WASHINGTON, February 3, 2014— There is a lot of confusion about Robin Hood, one of the best known fictional characters in the pantheon of English/French/Norman literature. Some say he was a dashing rogue, others say he was an outlaw fox, and some say that he was a thieving nobleman. Whatever your particular story poison, Robin Hood is a character entrenched in the treasure chest of rogues and robbers and does not seem to be going anywhere.
Who is Robin Hood? As far as conventional story telling goes, he is a fictional character somewhat based on the life of one of several Norman-English lords who returned from the Crusades under King Richard the Lionheart to find his brother Prince John conspiring to overthrow him. As the story goes, he comes home to find his inheritance forfeit and his father murdered, and takes to the woods to fight Prince John with his band of merry men.
There are a couple of variations of the story, all of which are quite entertaining. Some have him as a Saxon lord fighting against the Norman occupiers in 12th Century England. One particular book series depicts Robin Hood as a Welsh rebel noble, who witnesses his father’s kingdom burn and takes to the Welsh Marches to fight a guerrilla war against the Normans.
All of these versions of the story have one thing in common: robbing from the rich and giving to the poor. The variable among the stories is the reason he is stealing and who he is fighting. But the basics remain the same.
Even in the Welsh version, the Robin Hood character robs from the rich and redistributes that money back to the poor.
To many Progressives and Liberals, the Robin Hood philosophy is the basis of fighting corporate greed and income inequality. Much of the Robin Hood, steal from the rich to give to the poor mentality is aimed at Wall Street and their seemingly excessive profits and the extravagant lifestyles they lead. According to many on the Left, Wall Street is the center of all evil in America, and they should have to pay their fair share.
One of the things the Left believes that Wall Street should pay, is a tax on all stock trades. According to the Facebook page, “Robin Hood Tax USA”, a “…1% tax on Wall Street transactions that could generate hundreds of billions of dollars each year.” Despite the fact that those transactions are already taxed quarterly as part of corporate earnings, and despite the fact that the idea Wall Street is not paying its “fair share” is ludicrous, and despite the fact that there are more Democratic millionaires in Congress than Republican millionaires, proponents still feel the need to further tax Wall Street.
There is a problem with this Robin Hood idea and the way the Progressives see it. The Left sees Robin Hood as a plucky but lovable outlaw who spends his time in the forest robbing rich, wealthy, gold laden individuals who tax their people into submission, and then he scampers off and buys the good will of the people with stolen gold.
Here is where the problem comes in.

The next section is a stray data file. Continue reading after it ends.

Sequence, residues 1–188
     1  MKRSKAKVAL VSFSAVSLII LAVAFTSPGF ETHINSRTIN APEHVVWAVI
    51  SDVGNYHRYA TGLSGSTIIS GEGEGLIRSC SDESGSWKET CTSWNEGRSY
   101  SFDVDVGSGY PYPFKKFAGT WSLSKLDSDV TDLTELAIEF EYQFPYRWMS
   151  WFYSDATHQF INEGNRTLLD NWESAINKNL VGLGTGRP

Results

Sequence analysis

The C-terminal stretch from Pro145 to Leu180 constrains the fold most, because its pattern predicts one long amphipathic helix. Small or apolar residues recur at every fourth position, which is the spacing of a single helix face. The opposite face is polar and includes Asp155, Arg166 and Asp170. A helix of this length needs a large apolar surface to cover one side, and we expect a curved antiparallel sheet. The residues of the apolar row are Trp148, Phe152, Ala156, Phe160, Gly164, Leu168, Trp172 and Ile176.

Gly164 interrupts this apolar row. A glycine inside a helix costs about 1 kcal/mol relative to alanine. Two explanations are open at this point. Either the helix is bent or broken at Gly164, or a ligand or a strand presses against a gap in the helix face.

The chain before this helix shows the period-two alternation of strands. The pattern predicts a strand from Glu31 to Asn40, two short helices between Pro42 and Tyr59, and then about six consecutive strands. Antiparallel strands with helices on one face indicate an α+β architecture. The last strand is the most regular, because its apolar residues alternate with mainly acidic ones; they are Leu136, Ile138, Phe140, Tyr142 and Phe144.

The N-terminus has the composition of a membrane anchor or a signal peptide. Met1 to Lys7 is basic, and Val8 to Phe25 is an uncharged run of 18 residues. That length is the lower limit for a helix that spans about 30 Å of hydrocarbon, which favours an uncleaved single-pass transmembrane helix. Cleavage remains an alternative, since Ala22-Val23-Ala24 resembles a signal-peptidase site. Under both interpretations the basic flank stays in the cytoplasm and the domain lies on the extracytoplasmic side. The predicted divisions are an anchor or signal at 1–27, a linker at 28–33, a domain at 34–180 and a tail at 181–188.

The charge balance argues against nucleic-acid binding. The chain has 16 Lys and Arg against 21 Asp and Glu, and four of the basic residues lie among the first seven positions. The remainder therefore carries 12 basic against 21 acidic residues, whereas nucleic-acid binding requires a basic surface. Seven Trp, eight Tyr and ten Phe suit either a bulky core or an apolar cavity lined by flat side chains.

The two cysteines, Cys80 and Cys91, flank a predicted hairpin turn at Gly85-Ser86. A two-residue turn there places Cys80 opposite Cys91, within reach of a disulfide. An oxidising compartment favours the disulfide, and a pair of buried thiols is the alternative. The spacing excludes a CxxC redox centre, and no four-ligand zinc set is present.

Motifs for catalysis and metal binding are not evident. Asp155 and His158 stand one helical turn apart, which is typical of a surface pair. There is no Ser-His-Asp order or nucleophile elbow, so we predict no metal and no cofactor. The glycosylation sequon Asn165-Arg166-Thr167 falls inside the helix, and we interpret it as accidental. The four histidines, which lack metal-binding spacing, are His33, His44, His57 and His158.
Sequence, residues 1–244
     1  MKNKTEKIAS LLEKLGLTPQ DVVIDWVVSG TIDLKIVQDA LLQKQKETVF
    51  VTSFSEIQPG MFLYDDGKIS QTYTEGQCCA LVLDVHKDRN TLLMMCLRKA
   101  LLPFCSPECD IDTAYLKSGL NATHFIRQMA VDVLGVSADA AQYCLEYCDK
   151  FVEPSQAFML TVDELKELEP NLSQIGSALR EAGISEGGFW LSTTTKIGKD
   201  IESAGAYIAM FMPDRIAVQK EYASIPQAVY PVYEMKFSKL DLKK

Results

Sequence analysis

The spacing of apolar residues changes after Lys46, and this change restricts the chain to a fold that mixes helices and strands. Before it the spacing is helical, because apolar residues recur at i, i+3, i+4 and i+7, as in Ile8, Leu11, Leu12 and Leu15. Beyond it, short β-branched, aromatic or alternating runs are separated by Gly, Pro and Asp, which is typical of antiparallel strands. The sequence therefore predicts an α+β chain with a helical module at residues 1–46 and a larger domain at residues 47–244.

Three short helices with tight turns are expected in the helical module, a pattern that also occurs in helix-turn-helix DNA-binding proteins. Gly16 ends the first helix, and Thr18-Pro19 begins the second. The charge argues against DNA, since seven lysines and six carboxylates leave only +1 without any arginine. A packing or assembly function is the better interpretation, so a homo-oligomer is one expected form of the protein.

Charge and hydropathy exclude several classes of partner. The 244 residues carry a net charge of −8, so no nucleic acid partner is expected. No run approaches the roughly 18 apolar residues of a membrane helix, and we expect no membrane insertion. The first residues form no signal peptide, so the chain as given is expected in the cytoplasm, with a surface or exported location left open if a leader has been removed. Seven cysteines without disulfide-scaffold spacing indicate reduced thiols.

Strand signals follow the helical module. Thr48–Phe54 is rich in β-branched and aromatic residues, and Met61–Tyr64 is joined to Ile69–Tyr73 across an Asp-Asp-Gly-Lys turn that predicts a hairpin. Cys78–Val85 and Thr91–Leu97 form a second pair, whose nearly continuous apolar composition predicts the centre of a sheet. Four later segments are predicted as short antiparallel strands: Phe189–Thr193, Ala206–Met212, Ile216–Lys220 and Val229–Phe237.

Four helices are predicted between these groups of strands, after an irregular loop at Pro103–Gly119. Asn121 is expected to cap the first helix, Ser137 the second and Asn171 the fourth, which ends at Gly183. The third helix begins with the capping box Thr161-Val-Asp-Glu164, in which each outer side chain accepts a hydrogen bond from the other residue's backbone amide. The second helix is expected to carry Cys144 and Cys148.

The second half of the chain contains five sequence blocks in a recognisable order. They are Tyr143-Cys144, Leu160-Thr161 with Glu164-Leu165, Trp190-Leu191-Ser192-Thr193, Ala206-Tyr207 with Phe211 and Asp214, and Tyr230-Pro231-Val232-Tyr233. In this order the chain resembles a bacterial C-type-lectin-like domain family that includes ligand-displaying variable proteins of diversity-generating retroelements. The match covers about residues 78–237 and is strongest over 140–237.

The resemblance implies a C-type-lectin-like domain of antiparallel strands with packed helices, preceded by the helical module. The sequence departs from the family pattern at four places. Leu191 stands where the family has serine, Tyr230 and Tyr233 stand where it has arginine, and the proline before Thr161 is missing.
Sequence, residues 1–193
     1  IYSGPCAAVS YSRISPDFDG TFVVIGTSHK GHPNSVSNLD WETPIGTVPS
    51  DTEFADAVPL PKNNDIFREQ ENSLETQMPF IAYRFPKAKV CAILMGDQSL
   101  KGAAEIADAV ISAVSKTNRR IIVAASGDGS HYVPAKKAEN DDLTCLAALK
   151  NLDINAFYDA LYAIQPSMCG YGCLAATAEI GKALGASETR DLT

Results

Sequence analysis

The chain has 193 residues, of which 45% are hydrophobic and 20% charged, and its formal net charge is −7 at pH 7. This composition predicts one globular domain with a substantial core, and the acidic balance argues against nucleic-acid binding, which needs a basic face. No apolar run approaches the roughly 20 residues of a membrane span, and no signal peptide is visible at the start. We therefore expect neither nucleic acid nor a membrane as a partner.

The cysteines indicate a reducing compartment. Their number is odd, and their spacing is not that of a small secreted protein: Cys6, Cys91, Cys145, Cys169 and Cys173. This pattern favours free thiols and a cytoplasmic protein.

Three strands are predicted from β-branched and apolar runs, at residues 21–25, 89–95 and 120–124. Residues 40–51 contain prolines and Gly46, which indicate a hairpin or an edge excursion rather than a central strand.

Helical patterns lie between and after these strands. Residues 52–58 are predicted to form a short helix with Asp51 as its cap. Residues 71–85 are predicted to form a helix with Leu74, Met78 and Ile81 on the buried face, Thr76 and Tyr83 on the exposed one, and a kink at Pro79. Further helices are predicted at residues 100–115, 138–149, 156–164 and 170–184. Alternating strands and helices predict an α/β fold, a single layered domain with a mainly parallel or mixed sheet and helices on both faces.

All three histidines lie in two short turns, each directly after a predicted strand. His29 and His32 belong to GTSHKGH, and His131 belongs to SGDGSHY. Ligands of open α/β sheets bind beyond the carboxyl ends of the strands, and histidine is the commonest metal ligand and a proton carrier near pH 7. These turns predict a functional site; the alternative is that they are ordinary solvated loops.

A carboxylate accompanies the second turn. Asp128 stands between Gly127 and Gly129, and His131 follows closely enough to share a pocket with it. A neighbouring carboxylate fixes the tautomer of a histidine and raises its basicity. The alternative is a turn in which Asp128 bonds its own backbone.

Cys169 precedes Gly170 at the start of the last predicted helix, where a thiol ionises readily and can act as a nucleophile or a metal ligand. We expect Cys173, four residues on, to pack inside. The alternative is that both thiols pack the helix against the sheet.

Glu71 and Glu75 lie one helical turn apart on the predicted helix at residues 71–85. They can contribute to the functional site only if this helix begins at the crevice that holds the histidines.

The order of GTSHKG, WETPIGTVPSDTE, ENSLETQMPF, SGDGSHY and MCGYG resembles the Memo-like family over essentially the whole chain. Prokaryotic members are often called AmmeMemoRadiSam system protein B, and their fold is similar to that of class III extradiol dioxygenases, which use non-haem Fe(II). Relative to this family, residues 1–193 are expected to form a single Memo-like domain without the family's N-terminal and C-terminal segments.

The rich, wealthy, gold laden individuals Robin Hood is stealing from, those greedy individuals who tax their people into submission, are the government. The rich nobles who traverse unknowingly through the woods represent the aristocracy, nobility, and royalty of the English crown, and therefore represent the government in every, single, Robin Hood story. The gold they carry on them is the fruit of the labor of the people, being transported to the central seat of government and ultimately the vault of the Prince John.
Robin Hood tracks down and steals gold from government tax collectors, who have placed crushing burden upon their surfs to pay for a political coup, and then returns much of that gold to the populace from whence it came.
Robin Hood steals from the government, who is stealing from the people, and gives it back to the people.
Oh, there’s more.
In most of the stories, at least the most prevalent ones, Robin Hood is a representative of King Richard the Lionheart, and a member of the aristocracy. He returns home to find that the King’s brother is plotting to take control of the country. Upon returning home he finds that his father, the Earl of Locksley, refused the offer of the Prince to join his insurrection and paid for that refusal with his life. Learning of this, Robin Hood takes up arms against Prince John in an effort to stall and derail his plans for total usurpation.
Prince John represents a corrupt and immoral individual. While his brother is gone, while the legitimate government is absent, the Prince raises taxes, murders citizens, takes away the right of the people to hunt for food, creates rampant unemployment when he kicks farmers and their families off land for failure to pay the taxes, he makes carrying weapons punishable by death, and brutally represses any kind of critical speech against him.
All the while Prince John is trying to raise his forces and tax the people, Robin Hood continues to represent the original, legitimate government who is handicapped due to its involvement in a foreign war as a result of international alliances.
Think about it.
Robin Hood robbed from the government to return oppressive taxes to the people in order to deprive the illegitimate government of the ability to oppress the people in an effort to buy time until the original and legitimate government could return and restore the rights of the people.
Robin Hood, Libertarian Guerrilla?
Perhaps we should indeed institute a Robin Hood tax. Let’s audit the federal government, the state governments, and the local governments, let’s audit every single major project, every representative, and every executive. Let’s put a 1% tax on all government transactions in which the government is doing the spending, which will go to a trust fund that will run the federal fiscal year, and then reset. When tax season comes around, it will be redistributed accordingly to the tax payers of the United States.
Now that is a Robin Hood tax.